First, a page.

M114s had metal reinforced rubber tracks. They didnít have individual pads but came in sections of five pads, I think. They were also capable of high speeds since they only weighed about 7 tons. One sight I will never forget was an entire track from an M114 that had been thrown up into a tree and hung there, about 15 feet above the ground, just off the tank trail. I know that others must have seen it because it was there for at least a year. Maybe it was staged, but it might have gotten there the way you would expect.
A break from the normal vehicle naming convention was ĎZippoí, a C Troop M114. The driver had to take so many fire extinguishers to the field that he had no room for a crew. His agreement with the commanding officer was that he would stay with the unit until the last fire extinguisher was used and then wait for the wrecker. I got to know that driver pretty well, and he was a little odd. He always had a haunted look in his eyes.
When we turned in the M114s we were told that we would be receiving five brand new M151s as replacements any day. After several months a truck showed up at the motor pool with a load of what looked like rejects from a salvage yard. They were unloaded with a crane and dropped into parking spots on our line. We were horrified. These M151s didnít have wheels or tires, windshields, seats or lights. There were a number of engine parts missing, some suspension parts and things like gear shift knobs (sometimes entire transmissions) and mirrors. They were scrap and we were upset. Our squadron commander told us to ďlook at it as a challenge.Ē and then gave us a drop dead date for taking them to the field. (If we didnít get to the field, and back, by that date, we would wish that we were dead.)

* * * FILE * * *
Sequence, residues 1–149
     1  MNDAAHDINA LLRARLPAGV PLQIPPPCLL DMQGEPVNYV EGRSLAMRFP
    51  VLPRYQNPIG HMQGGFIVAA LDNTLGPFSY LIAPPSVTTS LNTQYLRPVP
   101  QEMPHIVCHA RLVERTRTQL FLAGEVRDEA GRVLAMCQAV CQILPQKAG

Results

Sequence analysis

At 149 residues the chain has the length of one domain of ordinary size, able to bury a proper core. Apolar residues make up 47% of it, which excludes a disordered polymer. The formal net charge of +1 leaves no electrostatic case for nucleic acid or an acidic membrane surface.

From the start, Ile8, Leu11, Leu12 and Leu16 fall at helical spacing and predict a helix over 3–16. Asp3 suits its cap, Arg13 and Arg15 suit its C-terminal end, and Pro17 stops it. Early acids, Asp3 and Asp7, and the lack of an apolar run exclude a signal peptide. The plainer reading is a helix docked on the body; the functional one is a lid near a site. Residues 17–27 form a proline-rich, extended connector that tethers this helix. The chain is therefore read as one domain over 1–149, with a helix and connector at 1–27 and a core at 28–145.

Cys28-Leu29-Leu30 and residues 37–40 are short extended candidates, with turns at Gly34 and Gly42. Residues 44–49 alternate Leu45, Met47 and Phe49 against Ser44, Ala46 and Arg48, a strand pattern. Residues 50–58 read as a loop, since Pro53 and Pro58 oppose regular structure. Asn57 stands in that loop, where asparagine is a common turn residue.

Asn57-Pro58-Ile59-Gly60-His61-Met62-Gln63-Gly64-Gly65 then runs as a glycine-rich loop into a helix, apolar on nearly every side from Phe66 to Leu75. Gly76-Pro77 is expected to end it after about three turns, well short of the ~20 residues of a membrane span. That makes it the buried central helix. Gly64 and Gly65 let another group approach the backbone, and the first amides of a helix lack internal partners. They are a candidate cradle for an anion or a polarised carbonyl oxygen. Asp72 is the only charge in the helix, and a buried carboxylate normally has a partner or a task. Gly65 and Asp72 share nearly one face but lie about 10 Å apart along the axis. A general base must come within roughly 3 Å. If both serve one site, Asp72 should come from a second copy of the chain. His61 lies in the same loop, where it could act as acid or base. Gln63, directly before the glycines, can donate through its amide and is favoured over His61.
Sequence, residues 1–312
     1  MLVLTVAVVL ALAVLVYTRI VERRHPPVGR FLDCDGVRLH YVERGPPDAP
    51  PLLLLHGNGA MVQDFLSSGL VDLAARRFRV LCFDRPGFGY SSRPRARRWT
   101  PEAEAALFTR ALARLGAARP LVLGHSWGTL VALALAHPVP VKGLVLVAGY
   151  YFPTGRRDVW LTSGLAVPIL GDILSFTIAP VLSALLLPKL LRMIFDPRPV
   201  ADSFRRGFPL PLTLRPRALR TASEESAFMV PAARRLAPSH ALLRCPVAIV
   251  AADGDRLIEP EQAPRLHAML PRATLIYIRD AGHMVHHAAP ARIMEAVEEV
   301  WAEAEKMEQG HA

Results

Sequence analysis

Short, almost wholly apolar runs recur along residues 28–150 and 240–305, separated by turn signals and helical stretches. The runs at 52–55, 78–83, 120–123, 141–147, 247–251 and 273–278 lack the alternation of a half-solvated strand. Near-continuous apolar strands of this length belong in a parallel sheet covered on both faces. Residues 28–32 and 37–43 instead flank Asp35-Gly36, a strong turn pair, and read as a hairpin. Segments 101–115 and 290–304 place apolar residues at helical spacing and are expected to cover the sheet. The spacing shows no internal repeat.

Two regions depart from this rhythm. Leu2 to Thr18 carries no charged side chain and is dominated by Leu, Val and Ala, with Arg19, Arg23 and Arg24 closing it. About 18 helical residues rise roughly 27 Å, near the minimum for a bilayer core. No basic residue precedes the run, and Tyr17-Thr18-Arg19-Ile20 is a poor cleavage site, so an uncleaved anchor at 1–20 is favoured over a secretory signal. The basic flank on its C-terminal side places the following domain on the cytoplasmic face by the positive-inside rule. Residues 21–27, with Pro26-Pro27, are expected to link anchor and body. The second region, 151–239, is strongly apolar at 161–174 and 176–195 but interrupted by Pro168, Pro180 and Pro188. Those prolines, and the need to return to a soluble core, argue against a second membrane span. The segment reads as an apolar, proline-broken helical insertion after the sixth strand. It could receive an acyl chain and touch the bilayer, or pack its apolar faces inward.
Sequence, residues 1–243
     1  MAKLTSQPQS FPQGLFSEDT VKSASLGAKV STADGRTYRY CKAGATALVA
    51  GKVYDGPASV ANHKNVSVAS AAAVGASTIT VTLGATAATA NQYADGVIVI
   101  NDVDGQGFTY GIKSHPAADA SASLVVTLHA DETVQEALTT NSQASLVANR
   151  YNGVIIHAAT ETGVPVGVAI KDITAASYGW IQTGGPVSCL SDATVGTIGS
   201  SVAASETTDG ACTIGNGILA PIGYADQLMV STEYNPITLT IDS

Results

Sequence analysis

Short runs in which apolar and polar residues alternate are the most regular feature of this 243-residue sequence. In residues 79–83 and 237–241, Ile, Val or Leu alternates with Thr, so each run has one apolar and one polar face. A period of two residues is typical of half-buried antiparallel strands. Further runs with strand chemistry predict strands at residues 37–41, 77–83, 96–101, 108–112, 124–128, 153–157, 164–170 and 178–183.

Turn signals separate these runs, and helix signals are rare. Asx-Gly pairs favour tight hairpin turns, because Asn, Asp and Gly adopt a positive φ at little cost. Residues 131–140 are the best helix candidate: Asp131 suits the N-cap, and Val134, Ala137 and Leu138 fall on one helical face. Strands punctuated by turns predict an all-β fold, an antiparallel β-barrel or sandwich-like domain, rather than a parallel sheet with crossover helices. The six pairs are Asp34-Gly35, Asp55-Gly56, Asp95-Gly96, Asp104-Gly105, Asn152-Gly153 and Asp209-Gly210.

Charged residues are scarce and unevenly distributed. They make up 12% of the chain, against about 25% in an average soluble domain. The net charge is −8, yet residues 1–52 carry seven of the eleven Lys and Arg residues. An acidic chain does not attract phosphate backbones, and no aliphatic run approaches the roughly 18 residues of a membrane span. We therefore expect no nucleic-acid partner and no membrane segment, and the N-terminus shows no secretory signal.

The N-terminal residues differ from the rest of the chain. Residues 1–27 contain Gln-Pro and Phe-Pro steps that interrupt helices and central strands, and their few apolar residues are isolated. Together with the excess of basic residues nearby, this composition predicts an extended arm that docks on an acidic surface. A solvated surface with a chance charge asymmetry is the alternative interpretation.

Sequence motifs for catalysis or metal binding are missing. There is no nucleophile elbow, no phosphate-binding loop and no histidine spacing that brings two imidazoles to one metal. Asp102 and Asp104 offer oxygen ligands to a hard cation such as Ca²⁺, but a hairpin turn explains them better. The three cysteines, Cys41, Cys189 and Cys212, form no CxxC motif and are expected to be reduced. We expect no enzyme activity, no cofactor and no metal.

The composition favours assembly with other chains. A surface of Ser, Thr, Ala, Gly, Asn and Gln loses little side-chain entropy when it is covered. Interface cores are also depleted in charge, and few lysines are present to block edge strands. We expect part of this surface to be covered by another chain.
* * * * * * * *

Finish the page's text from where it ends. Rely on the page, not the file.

We had the jeeps surveyed immediately because any missing parts would be replaced as free issue, when they became available. (I was working as a Scout at the time due to the fuel crunch so I was deeply involved.) We got one engine running so we knew we had one good set of parts, then used them to troubleshoot the other engines. Most of the engines needed valve jobs and there were a few that had other serious internal problems, but we didnít have any maintenance people that had any experience with jeeps. So we took up collections within the platoon and hauled stuff off the local machine shops to have it fixed. When we got tires we outsourced them too because we could never get the tire patch kits to work very well. The local tire shops loved us because we would always bring them at least five tires every time we came back form the field. We got windshields but we had to keep them locked up so that they didnít disappear. We got new seats, mirrors and gear shift knobs, We were happy.
We went to the field for a one-nighter on the day before Ďdrop dead dayí and got back at about 1400 the next afternoon. All five jeeps. Of course a few were just limping along, and I had to ride back on the front fender of one, holding the alternator against the fan belt with a pick handle because of a broken tensioning arm, but I wasnít as smart then as I am now.
My thanks yet again to Rory.